Header

UZH-Logo

Maintenance Infos

Die Repräsentation von Tieren im japanischen Ken-Spiel: Versuch einer Interpretation


Linhart, S (2011). Die Repräsentation von Tieren im japanischen Ken-Spiel: Versuch einer Interpretation. Asiatische Studien / Études Asiatiques, 65(2):541-561.

Abstract

Animal figures play an important role in many games all over the world. In Europe, e.g., the so-called goose game was the most important board game for many centuries in many countries, with the goose being a symbol of good luck. More generally, it is assumed that in many games the metaphoric use of animals is not merely accidental, but based on the meanings associated with a certain animal in a given society at the time when the game was invented or became popular. In Japan, several animals appear in its most widely practiced drinking game, the game of ken. This short article explores the role of animals in three varieties of sansukumi ken, games in which every one out of three figures beats one of the other two while losing to the third one. The three games examined are mushi-ken, the ken of small animals, tora- or tiger-ken, and kitsune- or fox-ken. In mushi-ken it is three animals, impersonated by means of the players’ fingers only, that compete with each other. In tora- and kitsune-ken, however, the tiger and the fox confront two human figures respectively, and players use both of their arms or even their whole bodies in playing, making these two games much more dramatic. The article suggests that the overwhelming popularity of fox-ken from the middle of the 18th to the middle of the 20th century originated in its use of the fox, in Japan at that time considered to be an animal with supernatural qualities, and in the game’s anti-hierarchic character.

Abstract

Animal figures play an important role in many games all over the world. In Europe, e.g., the so-called goose game was the most important board game for many centuries in many countries, with the goose being a symbol of good luck. More generally, it is assumed that in many games the metaphoric use of animals is not merely accidental, but based on the meanings associated with a certain animal in a given society at the time when the game was invented or became popular. In Japan, several animals appear in its most widely practiced drinking game, the game of ken. This short article explores the role of animals in three varieties of sansukumi ken, games in which every one out of three figures beats one of the other two while losing to the third one. The three games examined are mushi-ken, the ken of small animals, tora- or tiger-ken, and kitsune- or fox-ken. In mushi-ken it is three animals, impersonated by means of the players’ fingers only, that compete with each other. In tora- and kitsune-ken, however, the tiger and the fox confront two human figures respectively, and players use both of their arms or even their whole bodies in playing, making these two games much more dramatic. The article suggests that the overwhelming popularity of fox-ken from the middle of the 18th to the middle of the 20th century originated in its use of the fox, in Japan at that time considered to be an animal with supernatural qualities, and in the game’s anti-hierarchic character.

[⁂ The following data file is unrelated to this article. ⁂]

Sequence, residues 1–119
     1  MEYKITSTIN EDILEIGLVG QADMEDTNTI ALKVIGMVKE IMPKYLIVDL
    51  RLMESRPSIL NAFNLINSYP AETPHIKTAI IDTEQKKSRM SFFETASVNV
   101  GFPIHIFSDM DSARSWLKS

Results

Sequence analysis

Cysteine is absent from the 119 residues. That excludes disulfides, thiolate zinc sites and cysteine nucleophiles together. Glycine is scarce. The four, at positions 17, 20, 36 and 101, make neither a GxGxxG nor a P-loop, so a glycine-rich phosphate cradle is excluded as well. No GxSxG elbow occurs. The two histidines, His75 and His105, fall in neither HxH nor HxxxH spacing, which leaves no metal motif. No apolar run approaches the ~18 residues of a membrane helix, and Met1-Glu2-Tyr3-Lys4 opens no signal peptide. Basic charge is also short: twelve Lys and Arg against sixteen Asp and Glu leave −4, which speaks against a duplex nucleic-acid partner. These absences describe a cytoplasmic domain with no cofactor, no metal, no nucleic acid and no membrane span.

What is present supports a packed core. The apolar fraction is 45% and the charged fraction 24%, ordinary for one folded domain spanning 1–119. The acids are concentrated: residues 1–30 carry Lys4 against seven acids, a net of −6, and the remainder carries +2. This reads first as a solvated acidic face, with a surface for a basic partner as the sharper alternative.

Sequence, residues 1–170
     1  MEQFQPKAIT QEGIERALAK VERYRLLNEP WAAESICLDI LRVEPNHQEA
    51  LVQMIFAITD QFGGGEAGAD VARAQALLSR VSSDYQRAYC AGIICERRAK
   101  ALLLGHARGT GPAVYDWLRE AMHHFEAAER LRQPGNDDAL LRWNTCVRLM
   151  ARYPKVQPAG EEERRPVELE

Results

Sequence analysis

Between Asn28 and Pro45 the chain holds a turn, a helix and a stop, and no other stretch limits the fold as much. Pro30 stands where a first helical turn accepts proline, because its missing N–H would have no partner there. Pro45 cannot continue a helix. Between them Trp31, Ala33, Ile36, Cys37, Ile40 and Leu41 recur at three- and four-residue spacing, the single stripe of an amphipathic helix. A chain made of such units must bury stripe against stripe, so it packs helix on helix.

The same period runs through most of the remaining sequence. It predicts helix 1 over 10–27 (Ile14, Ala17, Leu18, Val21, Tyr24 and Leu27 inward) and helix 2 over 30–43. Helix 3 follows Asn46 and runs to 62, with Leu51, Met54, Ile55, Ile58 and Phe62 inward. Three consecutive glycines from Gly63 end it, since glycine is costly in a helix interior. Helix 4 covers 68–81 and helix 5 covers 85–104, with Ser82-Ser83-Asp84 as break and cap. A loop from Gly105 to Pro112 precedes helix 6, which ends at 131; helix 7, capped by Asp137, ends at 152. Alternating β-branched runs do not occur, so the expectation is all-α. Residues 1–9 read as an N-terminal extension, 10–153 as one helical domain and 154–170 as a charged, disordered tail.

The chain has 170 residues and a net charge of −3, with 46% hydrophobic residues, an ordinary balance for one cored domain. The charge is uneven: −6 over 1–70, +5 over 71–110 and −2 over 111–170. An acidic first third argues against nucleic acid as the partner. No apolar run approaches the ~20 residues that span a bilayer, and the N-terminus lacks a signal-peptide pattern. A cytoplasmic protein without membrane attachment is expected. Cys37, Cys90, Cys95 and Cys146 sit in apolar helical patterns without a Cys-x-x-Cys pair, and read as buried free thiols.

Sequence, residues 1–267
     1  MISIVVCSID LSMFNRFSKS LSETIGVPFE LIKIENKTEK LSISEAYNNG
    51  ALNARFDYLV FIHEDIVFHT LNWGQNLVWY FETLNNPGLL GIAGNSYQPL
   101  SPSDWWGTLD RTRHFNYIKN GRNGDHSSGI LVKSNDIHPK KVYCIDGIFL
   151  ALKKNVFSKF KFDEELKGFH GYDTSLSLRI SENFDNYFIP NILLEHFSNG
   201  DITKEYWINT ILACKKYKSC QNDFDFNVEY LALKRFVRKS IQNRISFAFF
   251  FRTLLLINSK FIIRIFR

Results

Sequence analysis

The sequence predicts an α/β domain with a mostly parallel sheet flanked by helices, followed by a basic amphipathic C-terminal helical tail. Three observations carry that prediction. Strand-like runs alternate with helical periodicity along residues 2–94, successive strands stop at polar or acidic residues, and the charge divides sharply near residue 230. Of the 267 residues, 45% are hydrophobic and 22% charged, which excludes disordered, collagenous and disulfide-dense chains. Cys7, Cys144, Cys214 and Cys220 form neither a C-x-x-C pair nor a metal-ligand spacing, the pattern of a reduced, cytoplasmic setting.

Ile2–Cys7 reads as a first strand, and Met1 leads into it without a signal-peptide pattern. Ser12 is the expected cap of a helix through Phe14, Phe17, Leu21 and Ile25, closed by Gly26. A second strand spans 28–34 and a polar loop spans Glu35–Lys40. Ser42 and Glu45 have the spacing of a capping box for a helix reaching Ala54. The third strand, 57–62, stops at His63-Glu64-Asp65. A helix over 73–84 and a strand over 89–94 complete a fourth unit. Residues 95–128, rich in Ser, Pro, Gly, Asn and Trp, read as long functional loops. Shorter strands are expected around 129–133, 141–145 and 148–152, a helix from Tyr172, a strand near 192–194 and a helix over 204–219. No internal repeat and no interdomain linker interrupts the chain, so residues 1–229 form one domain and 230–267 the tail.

Statistics

Downloads

244 downloads since deposited on 14 Nov 2011
53 downloads since 12 months
Detailed statistics

Additional indexing

Item Type:Journal Article, refereed, original work
Communities & Collections:Journals > Asiatische Studien / Études Asiatiques > Archive > 65 (2011) > 2
Dewey Decimal Classification:950 History of Asia
Language:German
Date:2011
Deposited On:14 Nov 2011 13:38
Last Modified:05 Apr 2016 15:06
Publisher:Schweizerische Asiengesellschaft / Verlag Peter Lang
ISSN:0004-4717

Download

Preview Icon on Download
Preview
Filetype: PDF
Size: 1MB

TrendTerms

TrendTerms displays relevant terms of the abstract of this publication and related documents on a map. The terms and their relations were extracted from ZORA using word statistics. Their timelines are taken from ZORA as well. The bubble size of a term is proportional to the number of documents where the term occurs. Red, orange, yellow and green colors are used for terms that occur in the current document; red indicates high interlinkedness of a term with other terms, orange, yellow and green decreasing interlinkedness. Blue is used for terms that have a relation with the terms in this document, but occur in other documents.
You can navigate and zoom the map. Mouse-hovering a term displays its timeline, clicking it yields the associated documents.

Author Collaborations